Richard del Bothem must have been quite a difficult character. The Wakefield Court Rolls record other quarrels in which he was engaged, other allegations of assault and insult, theft of timber and nuts from woodlands, a case in which he denied having been paid for a feather-bed, accusations of trespass, and a fine on his guarantor because he was not “faithful” to his earl. I don’t set too much store by the thefts of forest produce – forest laws were strict and such fines were a welcome source of income for feudal landlords. But Richard clearly tended to get caught up in fractious disputes.

Home Children sent to Canada

From 1869 to the 1930s tens of thousands of orphaned, abandoned and poor children were sent from Britain to Canada by a range of church organisations and charities. One of them was a Cayley.

On 19 May 1898 Annie Cayley, age 12, left Liverpool on the Numidian. She was one of a group of children sent by the Liverpool Catholic Children’s Protection Society under the supervision of a Miss Yates to St Vincent’s Home at 11 St Francis St, Montreal, Quebec. This home was established for the Society by a Miss Brennan in 1884. The children were selected by a school board committee, usually with the consent of the child but with frequently little attempt to obtain the consent of parents, other relatives or guardians. The conditions which children endured after emigration could be harsh, and accommodation could be cramped an unsuitable. Whether that was the case at St Vincent’s Home, I do not know.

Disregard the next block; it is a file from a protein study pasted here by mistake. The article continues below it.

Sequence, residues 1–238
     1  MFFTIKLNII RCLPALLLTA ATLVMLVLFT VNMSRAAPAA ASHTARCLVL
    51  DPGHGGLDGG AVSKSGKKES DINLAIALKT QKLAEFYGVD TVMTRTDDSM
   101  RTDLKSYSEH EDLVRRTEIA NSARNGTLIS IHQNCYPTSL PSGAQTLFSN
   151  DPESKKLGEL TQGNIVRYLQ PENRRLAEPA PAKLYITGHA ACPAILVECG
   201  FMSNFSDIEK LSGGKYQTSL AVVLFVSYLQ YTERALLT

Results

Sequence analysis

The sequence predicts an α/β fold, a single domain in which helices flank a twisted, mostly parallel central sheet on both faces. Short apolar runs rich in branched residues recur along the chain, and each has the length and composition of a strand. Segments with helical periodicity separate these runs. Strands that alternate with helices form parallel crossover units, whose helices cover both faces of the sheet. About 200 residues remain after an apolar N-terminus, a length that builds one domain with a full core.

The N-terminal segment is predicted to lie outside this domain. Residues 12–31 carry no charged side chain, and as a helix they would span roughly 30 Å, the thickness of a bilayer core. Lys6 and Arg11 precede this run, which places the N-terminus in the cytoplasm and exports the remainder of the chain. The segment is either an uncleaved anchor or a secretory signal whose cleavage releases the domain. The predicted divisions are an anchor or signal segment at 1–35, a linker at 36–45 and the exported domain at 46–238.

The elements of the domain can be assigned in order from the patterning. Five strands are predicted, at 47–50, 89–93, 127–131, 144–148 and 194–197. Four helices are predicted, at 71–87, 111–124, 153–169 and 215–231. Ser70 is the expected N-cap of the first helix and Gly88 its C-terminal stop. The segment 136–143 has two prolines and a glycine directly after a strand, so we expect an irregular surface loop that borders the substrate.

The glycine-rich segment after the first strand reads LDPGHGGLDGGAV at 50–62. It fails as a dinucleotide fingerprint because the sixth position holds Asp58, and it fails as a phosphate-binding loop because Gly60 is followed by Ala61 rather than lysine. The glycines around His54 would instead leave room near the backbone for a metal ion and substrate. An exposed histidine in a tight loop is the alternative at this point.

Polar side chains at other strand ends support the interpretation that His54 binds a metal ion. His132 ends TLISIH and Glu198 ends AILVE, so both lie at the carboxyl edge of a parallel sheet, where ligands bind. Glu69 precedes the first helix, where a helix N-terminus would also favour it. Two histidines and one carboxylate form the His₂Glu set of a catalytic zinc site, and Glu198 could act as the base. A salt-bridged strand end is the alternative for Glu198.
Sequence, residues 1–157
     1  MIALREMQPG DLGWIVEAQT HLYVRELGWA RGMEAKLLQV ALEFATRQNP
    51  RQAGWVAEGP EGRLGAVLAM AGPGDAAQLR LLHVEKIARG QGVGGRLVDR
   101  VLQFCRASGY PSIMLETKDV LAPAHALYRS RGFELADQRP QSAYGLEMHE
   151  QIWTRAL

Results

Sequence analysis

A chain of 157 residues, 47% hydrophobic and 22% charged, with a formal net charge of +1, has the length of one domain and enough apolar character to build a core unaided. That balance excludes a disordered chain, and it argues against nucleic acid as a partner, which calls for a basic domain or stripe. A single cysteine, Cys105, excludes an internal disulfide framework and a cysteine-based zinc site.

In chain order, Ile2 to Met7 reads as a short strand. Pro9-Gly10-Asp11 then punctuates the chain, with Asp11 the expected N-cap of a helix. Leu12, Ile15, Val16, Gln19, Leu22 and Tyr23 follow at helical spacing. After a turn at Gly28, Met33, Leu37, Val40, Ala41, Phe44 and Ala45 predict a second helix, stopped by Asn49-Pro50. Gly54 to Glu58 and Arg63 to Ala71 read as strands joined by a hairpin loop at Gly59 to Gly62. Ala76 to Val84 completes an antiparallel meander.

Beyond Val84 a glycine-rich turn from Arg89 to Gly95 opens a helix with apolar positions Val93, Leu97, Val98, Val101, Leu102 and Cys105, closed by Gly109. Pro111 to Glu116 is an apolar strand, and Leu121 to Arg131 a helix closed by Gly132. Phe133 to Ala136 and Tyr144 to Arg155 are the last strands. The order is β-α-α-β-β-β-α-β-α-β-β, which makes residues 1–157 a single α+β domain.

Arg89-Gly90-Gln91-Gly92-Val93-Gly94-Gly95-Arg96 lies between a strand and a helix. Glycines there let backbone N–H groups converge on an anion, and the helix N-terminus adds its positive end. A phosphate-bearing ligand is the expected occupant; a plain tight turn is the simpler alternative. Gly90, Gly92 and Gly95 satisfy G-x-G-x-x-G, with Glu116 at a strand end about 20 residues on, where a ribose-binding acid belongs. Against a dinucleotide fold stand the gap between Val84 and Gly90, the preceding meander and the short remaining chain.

If any reader has more information about Annie, I would welcome it. She was presumably from Liverpool.

More on Sussex and Kent Cayleys

I have now added more people to the website page on Cayleys associated with the Weald area of Sussex and Kent. This takes things as far as I can at the moment, but I would welcome any information from others. As I have stressed on the webpage, some of the family relationships and details about individuals are very tentative and may need to be revised  in the light of further data.

There are other Sussex and Kent families with the Cayley surname, and I may add information on them at a later date.

You can see what I have done at Sussex and Kent Cayleys of the 16th to 18th centuries.